Ensemble Company's HIR is a Challenging-Work

OVIEDO — There are often plays that are deemed “important works” because of the topics they cover, the ways those topics are covered or both.  Unfortunately, it is also often true that these works remain underproduced because theaters may fret as to whether they will draw an audience given the themes, whether hey will stir controversies that may ultimately harm the theater and its long term success and/or whether they can be produced effectively within the constraints of the theater and its space. 

This is especially true of community theaters, which often do not have the luxury of missteps in any of these areas if they are going to be viable long term.  HIR by Taylor Mac is such a play.  Luckily for Orlando audiences, The Ensemble Company has not allowed any of the aforementioned potential red stop signs keep them from bringing it to us.

HIR is not an easy play to experience, and it shouldn’t be.  Any work that tackles weighty subjects such as domestic abuse, trauma, addiction, marginalization, gender identity, dysfunctional family dynamics.and more cannot be easy.  To do so in the form of a dark comedy/drama, one that often has us laughing when parts of our judgemental subconscious says we shouldn’t and crying when we are so broken by the brokenness we see on stage, makes the journey even more treacherous at times.

Set in suburban America and focusing on a family consisting of Paige, her transgender son Max (who is transitioning from female to male), her disabled husband Arnold (who has suffered a traumatic brain injury), and Isaac, Max’s brother,(recently returned who home after a three-year absence in the military in Afghanistan), we can see from lights up that something is seriously amiss. The kitchen, dining and living areas we see before us look like a homeless encampment and Arnold is dressed in a gown, garish make up and a crazy wig.

And the “fun” before us is only starting.Throughout the course of Act 1, we learn that Paige (portrayed by Jeanine Henry) has assumed the dominant, stereotypically masculine role in the household while Arnold (Thomas Muniz) is infantilized and dependent on her care, if one can even refer to it as such. She has become as abusive in her own ways as Arnold is said to have been (to this point in the story) in the past if not more so.  He has been forced into an existence contrary to anything he enjoyed before and been emasculated not just by his medical condition and dress, but by estrogen that Paige is forcing him to take in order to kill any remaining masculinity he may have left. . Max (Emmitt Williams) is transitioning from female to male with Paige’s support, further upending traditional gender roles. The HIR referred to in the title is actually Max’s (pronounced “here”) is Max’s preferred pronoun.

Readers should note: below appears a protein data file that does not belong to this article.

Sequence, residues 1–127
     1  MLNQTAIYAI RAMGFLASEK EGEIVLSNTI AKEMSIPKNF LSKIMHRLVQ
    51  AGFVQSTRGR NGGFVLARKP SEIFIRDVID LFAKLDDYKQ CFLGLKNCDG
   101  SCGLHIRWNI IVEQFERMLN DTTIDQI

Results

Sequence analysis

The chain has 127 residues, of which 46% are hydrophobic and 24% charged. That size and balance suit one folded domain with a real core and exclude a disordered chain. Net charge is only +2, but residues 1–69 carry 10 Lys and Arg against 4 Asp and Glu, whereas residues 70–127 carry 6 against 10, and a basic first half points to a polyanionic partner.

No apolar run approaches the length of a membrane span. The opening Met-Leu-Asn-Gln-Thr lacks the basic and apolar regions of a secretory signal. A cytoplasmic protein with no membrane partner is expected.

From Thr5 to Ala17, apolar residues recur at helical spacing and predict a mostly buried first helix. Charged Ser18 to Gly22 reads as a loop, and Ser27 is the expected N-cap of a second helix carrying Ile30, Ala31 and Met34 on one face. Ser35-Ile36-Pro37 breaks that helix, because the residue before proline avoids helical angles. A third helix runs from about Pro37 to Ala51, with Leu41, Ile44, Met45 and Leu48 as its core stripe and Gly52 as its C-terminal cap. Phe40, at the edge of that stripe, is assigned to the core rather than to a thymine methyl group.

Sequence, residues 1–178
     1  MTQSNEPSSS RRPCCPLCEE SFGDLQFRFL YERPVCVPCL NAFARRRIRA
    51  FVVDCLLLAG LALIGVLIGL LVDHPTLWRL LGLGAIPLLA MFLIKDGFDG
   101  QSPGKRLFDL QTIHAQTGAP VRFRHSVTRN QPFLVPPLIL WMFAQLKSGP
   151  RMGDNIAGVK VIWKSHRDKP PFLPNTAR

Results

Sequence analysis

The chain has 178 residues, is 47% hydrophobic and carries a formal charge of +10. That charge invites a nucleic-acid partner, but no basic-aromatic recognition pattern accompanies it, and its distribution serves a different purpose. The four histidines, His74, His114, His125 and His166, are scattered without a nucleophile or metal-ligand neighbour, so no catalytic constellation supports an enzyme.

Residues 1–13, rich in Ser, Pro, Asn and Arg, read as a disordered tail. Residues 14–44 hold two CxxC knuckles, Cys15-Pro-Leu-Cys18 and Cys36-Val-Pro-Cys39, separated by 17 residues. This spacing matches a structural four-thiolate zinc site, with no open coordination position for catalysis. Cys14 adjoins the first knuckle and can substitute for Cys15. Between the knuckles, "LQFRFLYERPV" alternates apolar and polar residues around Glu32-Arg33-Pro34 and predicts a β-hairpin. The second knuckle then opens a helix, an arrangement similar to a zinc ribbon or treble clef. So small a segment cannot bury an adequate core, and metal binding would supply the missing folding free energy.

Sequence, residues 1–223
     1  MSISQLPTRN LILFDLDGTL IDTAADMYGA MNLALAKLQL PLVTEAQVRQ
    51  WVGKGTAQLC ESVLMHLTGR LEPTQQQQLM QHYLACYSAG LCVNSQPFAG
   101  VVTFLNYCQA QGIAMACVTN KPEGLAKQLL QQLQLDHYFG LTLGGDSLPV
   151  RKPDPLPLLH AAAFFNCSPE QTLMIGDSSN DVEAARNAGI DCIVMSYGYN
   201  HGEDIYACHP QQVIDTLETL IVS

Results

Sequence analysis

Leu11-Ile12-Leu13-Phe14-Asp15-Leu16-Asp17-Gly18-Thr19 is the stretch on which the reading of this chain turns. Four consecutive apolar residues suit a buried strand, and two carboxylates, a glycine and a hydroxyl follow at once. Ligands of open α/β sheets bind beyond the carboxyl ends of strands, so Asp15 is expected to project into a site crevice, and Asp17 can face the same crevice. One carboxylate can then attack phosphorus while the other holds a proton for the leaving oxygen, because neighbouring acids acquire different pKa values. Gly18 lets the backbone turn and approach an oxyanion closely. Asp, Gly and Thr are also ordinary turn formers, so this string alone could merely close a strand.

Max’s journey is a fraught one…unsure of how masculine or feminine to act or  how to best explain or explore interests in men post transition.  When Isaac (Daniel Luis Molina) returns from war, struggling with drug addiction and traumatized by his work half a world away collecting the strewn body parts of dead soldiers, tensions escalate as he challenges Paige’s authority and tries to reassert male dominance in the home.  The impending clashes that play out in Act 2 seem inevitable and eventually are.HIR is far from a perfect play; it sometimes hits us over the head with some of its messaging in quite repetitive fashion, leaving actors to attempt to find nuance when they deliver similar lines for the 3rd or 4th time. The humor, often seemingly purposely in your face and offensive so as to draw a reaction, is actually the decadent dessert the playwright gives us with which to down the necessary vegetables, the incredibly heavy themes and family histories playing out before us.